Background: The Association of American Medical Colleges publishes residency match data and reports through the National Resident Matching Program (NRMP) every year. The purpose of this study was to analyze trends in orthopaedic surgery residency matching data and characteristics of successful applicants to counsel medical students with regard to their chances of matching.
Methods: The annual reports of the NRMP were searched annually from 2006 to 2014 to determine the number of orthopaedic surgery residency positions available, the number of applicants, and the match rate among applicants. Comparisons were performed between matched applicants and unmatched applicants with regard to the number of contiguous ranks and distinct specialties, United States Medical Licensing Examination (USMLE) scores, number of research experiences and research products (abstracts, presentations, posters, publications), and proportion of Alpha Omega Alpha (AOA) Honor Medical Society members and students at a top-40, National Institutes of Health (NIH)-funded medical school.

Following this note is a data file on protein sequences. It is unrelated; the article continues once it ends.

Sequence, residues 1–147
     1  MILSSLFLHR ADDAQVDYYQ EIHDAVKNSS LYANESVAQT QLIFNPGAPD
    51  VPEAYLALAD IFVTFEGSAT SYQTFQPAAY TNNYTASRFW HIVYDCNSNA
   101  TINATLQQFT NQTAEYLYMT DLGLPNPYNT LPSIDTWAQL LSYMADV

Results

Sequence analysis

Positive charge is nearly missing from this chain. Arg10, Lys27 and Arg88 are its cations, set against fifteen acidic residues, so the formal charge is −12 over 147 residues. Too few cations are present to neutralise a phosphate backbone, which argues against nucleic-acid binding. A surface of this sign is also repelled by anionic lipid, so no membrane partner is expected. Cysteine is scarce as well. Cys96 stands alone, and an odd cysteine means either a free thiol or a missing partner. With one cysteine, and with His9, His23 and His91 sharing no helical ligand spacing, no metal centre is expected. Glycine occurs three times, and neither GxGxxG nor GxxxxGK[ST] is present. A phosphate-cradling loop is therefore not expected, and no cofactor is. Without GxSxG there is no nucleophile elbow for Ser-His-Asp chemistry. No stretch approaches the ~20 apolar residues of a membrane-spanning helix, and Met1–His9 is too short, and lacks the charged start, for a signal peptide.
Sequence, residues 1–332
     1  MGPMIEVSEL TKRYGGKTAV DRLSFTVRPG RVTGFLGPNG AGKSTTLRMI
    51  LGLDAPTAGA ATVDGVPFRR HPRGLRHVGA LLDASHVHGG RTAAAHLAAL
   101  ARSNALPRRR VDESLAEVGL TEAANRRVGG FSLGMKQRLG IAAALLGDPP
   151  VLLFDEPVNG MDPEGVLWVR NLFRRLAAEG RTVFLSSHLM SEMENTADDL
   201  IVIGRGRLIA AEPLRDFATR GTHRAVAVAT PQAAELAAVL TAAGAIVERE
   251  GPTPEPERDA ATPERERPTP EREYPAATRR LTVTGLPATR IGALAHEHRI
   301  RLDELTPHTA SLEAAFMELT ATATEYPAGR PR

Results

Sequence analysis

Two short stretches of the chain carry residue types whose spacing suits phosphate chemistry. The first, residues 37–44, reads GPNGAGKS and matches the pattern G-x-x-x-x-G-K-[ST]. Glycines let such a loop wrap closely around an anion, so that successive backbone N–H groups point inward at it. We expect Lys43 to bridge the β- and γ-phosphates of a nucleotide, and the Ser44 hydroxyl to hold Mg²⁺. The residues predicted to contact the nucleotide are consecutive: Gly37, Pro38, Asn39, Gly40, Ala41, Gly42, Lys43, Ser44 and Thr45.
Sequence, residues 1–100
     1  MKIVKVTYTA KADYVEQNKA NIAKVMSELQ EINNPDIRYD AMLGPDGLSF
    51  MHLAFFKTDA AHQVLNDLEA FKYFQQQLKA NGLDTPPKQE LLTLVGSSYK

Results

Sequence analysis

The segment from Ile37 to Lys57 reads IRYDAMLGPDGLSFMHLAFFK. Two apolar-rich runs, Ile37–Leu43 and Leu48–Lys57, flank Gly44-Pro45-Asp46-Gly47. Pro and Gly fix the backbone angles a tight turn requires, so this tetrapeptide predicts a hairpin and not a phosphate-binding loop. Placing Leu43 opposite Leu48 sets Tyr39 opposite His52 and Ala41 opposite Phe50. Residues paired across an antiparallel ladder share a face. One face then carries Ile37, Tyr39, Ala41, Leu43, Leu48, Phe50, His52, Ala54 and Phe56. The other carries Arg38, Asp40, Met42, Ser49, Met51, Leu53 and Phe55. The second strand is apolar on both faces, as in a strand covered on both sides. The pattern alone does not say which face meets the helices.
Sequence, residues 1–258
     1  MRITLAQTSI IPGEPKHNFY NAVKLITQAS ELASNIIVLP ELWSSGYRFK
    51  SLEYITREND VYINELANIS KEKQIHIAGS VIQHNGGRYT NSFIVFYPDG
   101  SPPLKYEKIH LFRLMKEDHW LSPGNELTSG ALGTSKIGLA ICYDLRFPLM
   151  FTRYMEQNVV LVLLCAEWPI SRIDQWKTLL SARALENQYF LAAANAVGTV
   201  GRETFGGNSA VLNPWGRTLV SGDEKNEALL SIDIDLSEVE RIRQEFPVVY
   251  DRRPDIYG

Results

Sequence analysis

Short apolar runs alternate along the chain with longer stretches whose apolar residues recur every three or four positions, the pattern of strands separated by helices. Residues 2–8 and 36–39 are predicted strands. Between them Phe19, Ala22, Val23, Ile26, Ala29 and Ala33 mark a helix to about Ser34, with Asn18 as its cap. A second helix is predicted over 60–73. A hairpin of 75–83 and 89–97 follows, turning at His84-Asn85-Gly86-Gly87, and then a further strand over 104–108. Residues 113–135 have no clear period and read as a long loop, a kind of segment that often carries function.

Results: The number of orthopaedic surgery positions available and number of applicants increased at a mean rate of 9 positions and 65 applicants per year (p = 0.11). The mean number of contiguous ranks for U.S. senior medical students was 11.5 for those who matched and 5.5 for those who did not match (p < 0.0001). The USMLE scores for applicants who matched were significantly greater than for those who did not match in each category: Step-1 scores for U.S. seniors (p < 0.001) and independent applicants (p = 0.039), and Step-2 scores for U.S. seniors (p < 0.01) and independent applicants (p = 0.026). The mean number of research products was significantly greater for matched U.S. seniors compared with unmatched U.S. seniors (p = 0.035). A significantly higher proportion of matched U.S. seniors compared with unmatched U.S. seniors were AOA members and students at a top-40, NIH-funded medical school (both p < 0.0001).
Conclusions: Successful applicants in the Match for orthopaedic surgery residency have higher USMLE Step-1 and 2 scores, number of research experiences and research products, and contiguous ranks. A higher proportion of successful applicants are AOA members and students at a top-40, NIH-funded medical school.
Investigation performed at the Department of Orthopedics, University of Colorado School of Medicine, Aurora, Colorado
Disclosure: There was no external funding for this study. The Disclosure of Potential Conflicts of Interest forms are provided with the online version of the article.
- Copyright © 2017 by The Journal of Bone and Joint Surgery, Incorporated
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